“Regardless of the length of their contracts with carriers, all consumers are entitled to fundamental contractual rights,” our filing this week with the CRTC states. “DiversityCanada/NPF therefore submit that every individual who has a contract with a wireless services provider is entitled to protection from material changes to that contract for the duration of that contract – whether it be 30 days, 60 days, 365 days, two years, or indefinitely.”

In short, if you prepay for wireless services and Bell, Rogers, Telus or any other wireless provider tells you that your prepaid wireless services are for 30 days, 60 days, 356 days or indefinitely, they can't make major changes to the way they said they would let you use those service during those 30 days, 60 days, etc (with the exception of the rates, which are usually subject to change without notice).

The issue is at the heart of our application which asks the telecom watchdog to reverse a decision from May of this year that sanctioned a Telus policy which introduced mandatory changes to key terms of its prepaid wireless agreements.

DiversityCanada/NPF have called on the CRTC to review and vary a ruling in which it gave its blessings to a Telus policy that required prepaid wireless, pay-per-use consumers with a balance of over $300 to acquire monthly plans. (See the full application here. LINK: http://bgomb.com/pdfs/TelusRandV.pdf )

Our organizations argue that Telus cannot unilaterally change service agreements by simply stating it's now mandatory that consumers make such a switch. Fundamental contract principles require Telus to ask consumers for their consent to make such a radical change to their agreements for prepaid wireless services.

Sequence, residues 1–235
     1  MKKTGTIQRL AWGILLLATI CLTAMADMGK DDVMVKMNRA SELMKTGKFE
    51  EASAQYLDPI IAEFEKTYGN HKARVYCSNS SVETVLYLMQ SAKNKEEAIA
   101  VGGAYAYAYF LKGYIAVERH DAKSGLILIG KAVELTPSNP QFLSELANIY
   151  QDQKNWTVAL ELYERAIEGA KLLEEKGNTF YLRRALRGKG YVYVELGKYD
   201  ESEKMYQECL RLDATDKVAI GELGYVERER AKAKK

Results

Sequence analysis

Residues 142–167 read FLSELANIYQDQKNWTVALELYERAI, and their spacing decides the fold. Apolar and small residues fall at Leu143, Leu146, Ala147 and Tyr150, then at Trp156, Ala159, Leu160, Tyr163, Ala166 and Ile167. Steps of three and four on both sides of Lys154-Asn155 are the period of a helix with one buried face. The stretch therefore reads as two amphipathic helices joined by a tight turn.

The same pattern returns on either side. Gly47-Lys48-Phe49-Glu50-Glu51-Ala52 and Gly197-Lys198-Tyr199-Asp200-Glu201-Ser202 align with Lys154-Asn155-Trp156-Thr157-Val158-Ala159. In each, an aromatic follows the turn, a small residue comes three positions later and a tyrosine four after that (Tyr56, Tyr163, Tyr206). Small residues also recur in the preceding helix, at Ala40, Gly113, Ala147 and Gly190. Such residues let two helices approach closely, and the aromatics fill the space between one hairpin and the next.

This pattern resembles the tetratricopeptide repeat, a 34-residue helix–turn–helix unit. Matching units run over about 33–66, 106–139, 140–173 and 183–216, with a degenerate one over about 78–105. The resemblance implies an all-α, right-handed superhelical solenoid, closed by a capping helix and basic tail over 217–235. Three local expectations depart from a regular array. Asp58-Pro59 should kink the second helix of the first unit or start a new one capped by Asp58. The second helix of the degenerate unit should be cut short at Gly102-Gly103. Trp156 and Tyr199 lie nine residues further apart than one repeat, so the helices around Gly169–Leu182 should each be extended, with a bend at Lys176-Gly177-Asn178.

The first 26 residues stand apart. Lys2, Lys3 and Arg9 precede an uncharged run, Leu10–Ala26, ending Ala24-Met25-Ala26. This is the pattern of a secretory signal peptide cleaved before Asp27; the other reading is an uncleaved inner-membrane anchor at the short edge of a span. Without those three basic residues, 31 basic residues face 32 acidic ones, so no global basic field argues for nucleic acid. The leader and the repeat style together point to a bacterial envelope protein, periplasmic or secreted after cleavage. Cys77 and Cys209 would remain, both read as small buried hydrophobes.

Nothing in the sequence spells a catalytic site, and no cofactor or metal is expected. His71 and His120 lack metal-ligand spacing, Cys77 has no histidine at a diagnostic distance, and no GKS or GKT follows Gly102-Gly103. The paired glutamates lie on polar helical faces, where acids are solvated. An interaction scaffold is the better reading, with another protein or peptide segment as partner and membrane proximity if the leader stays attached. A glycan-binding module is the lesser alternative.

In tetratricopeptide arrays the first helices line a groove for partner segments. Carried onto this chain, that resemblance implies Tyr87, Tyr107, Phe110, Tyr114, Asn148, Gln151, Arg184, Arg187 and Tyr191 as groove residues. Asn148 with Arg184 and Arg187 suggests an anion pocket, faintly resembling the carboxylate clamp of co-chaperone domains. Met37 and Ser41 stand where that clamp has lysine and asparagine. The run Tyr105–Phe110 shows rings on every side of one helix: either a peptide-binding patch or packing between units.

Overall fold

(Prepaid pay-per-use payment arrangements are distinct from prepaid monthly plans. In the former, consumers give the phone company funds in advance that are recorded as a balance in their accounts. Consumers draw on the balance to pay for wireless services “as and when” they make calls, send text messages, etc.

By contrast, with monthly plans, the phone company offers a suite of services at a set price to be used within 30 days – eg, 100 minutes of local calls and 100 text messages for $15. Consumers pay the full $15 upfront, even if they don't eventually make the allotted number of calls or send the maximum number of texts.)

The matter before the CRTC affects not only Telus customers with a balance of over $300, but seeks to protect the rights of the 3.7 million consumers who have prepaid wireless services agreements with all Canadian carriers.

As a consumer, you can play a part to ensure that phone companies respect their agreements with all consumers.

Please tell the CRTC to make it clear to Telus and all other wireless services providers that they must not change key terms of their agreements with prepaid wireless consumers during the contract period, whatever that length may be.

You have until September 17 to submit your comments in support of this application. To make your comment, please click here.

Celia Sankar is the Executive Director of the DiversityCanada Foundation.